Laser-Printed Furniture?! Draw It in 2D then Build It in 3D
Imagine any strange or amazing object, sketch it up in two dimensions, feed it into a computer program and watch the flat-pack pieces print out in real life. This may be the most revolutionary use of three-dimensional laser cutters yet conceived – a way to turn consumers into producers, turning an average amateur do-it-yourself furniture builder into the new Frank Gehry of furnishings.
The advantage and disadvantage of laser-cutting machines is their naturally flat products: in most cases, they inevitably produce a 2D result. Fortunately, flat-pack cardboard, plywood and sheet metal designers have been figuring out ways for decades to make sturdy furniture objects that save on space and materials and start with fully flat parts.
The idea here is to take the best of both worlds – personal creative 3D exploration and professional flat-component structural knowledge – and merge them in an easy-to-use program that provides opportunities for hands-on experimentation with little waste and a low barrier to entry. A CNC router or laser cutter turns any DIY whim into a near-instant reality, and you can start with a small scale-model print-out to further save time and money.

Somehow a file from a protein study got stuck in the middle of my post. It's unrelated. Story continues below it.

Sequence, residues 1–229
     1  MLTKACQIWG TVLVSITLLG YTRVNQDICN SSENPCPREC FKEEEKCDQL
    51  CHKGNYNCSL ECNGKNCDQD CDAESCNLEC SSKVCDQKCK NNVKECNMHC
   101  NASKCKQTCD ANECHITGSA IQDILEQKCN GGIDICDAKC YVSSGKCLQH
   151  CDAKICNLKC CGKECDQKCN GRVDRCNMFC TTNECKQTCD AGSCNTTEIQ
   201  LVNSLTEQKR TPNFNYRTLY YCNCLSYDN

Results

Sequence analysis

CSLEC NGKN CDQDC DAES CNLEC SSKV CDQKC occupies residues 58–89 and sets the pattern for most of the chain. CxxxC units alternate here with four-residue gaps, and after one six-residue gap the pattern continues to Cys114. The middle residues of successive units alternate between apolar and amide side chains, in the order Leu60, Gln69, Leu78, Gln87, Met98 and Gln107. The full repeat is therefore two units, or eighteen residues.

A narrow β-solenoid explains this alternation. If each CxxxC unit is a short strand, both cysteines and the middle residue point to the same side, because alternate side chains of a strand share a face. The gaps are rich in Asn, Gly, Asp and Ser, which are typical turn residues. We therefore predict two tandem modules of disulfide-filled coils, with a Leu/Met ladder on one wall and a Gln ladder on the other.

In theory, the software should also keep you from making serious structural errors – a short-cut strategy to teach you what most furniture makers take decades to learn and integrate into their design/build intuition. The user can stress-test their designs with simulated physics before printing them out, putting together and sitting on them and risking injury via real-world failure.
And, naturally, all of this leads to not just infinite personalization in terms of style, but also in terms of form and comfort – someone with an unusual condition or simply of irregular proportions compared to most people could create a chair with a slightly longer back, or legs, or an entirely other shape that conforms to their particular body type. Still not ready for widespread use, the SketchChair is a collaboration between Greg Saul and JST ERATO Design UI Project in Tokyo – hopefully someday soon you will be able to hook it up to your Mac, PC or even a smart phone to print your own, a friend’s or a professional’s open-source design from anywhere.